April 30, 2013

Larkwire - new tool for learning birdsong

I was lucky enough to receive an educator's copy of a great new app called Larkwire. Designed by cognitive psychologist, Phil Mitchell and bird watchers Mark Johnston and Michael O'Brien this app is teaching bird song recognition in a smart and accessible way. Developed with an eye to learning theory Larkwire is more like memory match meets the Dating Game then any kind of dry sound library of bird song. This app has two modes: the Field Game and the Gallery Game. Both allow you to listen to a song and try and identify the species of bird by photo. While the Field Game plays a song and then slowly reveals the singer, the Gallery Game gives you four bachelors and then repeatedly plays each song of the four species making you match the song to one of the four singers. If you select the correct species you score a point, select the wrong species and you loose a point. This form of repetition (being the basis of learning)  allows the listener to gain a deep knowledge of each species' song over time. Besides this seamless learning style the program also groups birds into similar sound categories (eg: "Warblers - Clear Whistles" or "Sparrow-Like Musical and Buzzy"). I find that grouping like sounds to be the best to approach when learning bird song. It allows the beginner birder to piece together field observations.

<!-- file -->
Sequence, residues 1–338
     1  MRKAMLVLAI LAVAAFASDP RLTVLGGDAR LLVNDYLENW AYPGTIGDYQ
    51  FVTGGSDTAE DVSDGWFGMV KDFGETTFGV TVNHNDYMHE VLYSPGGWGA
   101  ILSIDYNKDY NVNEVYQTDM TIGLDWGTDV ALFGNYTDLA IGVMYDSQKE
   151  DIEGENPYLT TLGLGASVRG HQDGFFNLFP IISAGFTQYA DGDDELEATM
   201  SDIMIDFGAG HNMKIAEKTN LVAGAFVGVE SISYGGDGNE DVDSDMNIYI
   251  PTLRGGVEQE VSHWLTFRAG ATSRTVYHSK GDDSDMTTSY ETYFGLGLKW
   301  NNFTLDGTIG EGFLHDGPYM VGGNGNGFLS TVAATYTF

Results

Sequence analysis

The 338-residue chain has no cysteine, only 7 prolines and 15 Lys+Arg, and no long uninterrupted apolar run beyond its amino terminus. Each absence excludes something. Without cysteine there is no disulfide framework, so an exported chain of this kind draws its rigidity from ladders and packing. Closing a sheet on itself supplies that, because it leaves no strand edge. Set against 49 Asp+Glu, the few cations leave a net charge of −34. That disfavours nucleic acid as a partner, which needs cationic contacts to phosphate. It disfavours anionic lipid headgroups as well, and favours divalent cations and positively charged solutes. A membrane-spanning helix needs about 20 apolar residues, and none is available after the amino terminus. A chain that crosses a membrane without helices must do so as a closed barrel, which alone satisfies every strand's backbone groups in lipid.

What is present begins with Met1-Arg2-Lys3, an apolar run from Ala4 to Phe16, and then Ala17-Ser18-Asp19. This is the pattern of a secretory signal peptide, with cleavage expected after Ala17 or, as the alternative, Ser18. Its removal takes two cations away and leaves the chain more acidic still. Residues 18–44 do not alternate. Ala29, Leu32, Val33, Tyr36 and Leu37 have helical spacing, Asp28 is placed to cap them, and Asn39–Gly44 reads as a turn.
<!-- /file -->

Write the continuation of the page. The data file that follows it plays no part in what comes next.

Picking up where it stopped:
This App is available for smart phones, tablets and PCs through Itunes. Larkwire has the Master Birder set for $45 which contains over 500 species of land and water birds from both the east and west region of the country all the way down to a beginner set for $3.95. I'd recommend the "Birder Pro Land Birds" for your region (east or west) at $16.95 this will get you started with back yard birds and keep you busy for years as you develop an ear for the subtle calls of warblers, flycatchers, and vireos. 





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is an educator, bird watcher, and writer fascinated by the intersections of place, people, nature, and culture. He works for Mass Audubon and lives in the heart of Massachusetts. For questions or comments please contact: alexanderjosephdunn@gmail.com

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